The mechanisms responsible for perpetuation of human persistent atrial fibrillation (AF) are controversial and probably vary between individuals. A wide spectrum of mechanisms have been described in experimental studies, ranging from a single localized stable (focal/reentrant) source, to multiple sources, up to diffuse bi-atrial wavelets. We characterized AF drivers in patients with persistent AF (lasting less than 1 year) using novel high resolution mapping, imaging and modelling approaches with the objective of evaluating their relationship to atrial structural heterogeneities. Using panoramic non-invasive mapping in humans, focal or reentrant sources driving AF waves were identified, originating from multiple distinct regions and exhibiting short lifespans and periodic recurrences in the same locations. The reentrant driver regions harboured long, fractionated electrograms covering most of the fibrillatory cycle lengths with varying beat-to-beat sequences suggestive of unstable trajectories attached to slow conducting heterogeneous tissue. MRI atrial imaging demonstrated that such drivers preferentially clustered at the borders of fibrotic atrial regions. In patient-specific computer simulations, sustained AF was shown to be driven by meandering transitory reentries attached to fibrosis borders expressing specific metrics in density and extent. Finally, random microstructural alterations devoid of cellular electrical changes were modelled, showing that a percolation mechanism could also explain atrial reentries and complex fractionated electrograms. These data from clinical, imaging and computational studies strongly suggest that intermittent and spatially unstable drivers anchoring to structural heterogeneities are a major pathophysiological mechanism in human persistent atrial fibrillation.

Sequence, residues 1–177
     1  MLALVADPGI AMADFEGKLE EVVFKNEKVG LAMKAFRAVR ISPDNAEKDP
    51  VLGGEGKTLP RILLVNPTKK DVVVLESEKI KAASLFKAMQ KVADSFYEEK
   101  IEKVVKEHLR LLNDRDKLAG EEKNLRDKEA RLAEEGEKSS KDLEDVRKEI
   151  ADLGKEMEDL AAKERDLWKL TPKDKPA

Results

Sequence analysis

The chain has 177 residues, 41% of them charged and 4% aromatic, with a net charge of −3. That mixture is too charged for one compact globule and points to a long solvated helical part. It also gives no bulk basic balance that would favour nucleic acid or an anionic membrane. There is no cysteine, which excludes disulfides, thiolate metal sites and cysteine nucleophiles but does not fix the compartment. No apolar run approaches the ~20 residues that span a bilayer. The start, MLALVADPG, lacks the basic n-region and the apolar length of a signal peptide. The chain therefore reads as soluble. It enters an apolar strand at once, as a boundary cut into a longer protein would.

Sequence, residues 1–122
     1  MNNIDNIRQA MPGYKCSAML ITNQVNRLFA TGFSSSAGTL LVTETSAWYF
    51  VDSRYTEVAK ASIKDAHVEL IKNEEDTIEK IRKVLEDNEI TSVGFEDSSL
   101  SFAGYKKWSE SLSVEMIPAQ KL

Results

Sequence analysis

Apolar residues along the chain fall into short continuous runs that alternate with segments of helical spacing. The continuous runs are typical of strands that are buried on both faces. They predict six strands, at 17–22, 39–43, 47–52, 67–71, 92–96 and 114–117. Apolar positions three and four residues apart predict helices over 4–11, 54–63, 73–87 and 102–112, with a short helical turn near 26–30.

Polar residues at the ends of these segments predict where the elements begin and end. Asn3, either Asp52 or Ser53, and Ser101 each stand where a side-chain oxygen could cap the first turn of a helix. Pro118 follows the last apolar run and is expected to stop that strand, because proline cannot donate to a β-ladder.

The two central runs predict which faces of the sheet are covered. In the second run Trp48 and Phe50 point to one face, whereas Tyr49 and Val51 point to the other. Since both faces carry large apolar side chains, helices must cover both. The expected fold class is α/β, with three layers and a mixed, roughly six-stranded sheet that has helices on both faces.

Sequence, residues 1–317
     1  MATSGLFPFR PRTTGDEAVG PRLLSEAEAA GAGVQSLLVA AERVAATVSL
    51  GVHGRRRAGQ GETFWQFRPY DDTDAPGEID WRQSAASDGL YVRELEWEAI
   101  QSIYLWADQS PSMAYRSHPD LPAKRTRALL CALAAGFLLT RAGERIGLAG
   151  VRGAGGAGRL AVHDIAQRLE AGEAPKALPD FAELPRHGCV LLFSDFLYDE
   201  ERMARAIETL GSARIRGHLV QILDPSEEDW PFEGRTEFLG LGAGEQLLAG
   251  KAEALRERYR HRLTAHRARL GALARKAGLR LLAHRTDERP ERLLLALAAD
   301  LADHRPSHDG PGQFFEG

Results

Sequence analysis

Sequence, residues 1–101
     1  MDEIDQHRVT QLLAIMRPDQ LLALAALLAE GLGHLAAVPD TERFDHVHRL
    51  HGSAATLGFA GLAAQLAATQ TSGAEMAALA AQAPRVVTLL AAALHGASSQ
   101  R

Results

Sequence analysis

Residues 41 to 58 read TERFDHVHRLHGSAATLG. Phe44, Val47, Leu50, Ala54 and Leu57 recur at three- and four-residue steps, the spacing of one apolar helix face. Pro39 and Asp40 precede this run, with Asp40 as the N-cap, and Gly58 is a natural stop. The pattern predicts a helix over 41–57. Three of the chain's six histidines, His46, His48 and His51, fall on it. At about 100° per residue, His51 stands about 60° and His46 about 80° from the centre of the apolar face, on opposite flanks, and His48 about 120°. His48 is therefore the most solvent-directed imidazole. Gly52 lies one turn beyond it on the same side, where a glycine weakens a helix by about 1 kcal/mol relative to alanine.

Anchoring of AF drivers from mapping, imaging and computational studies.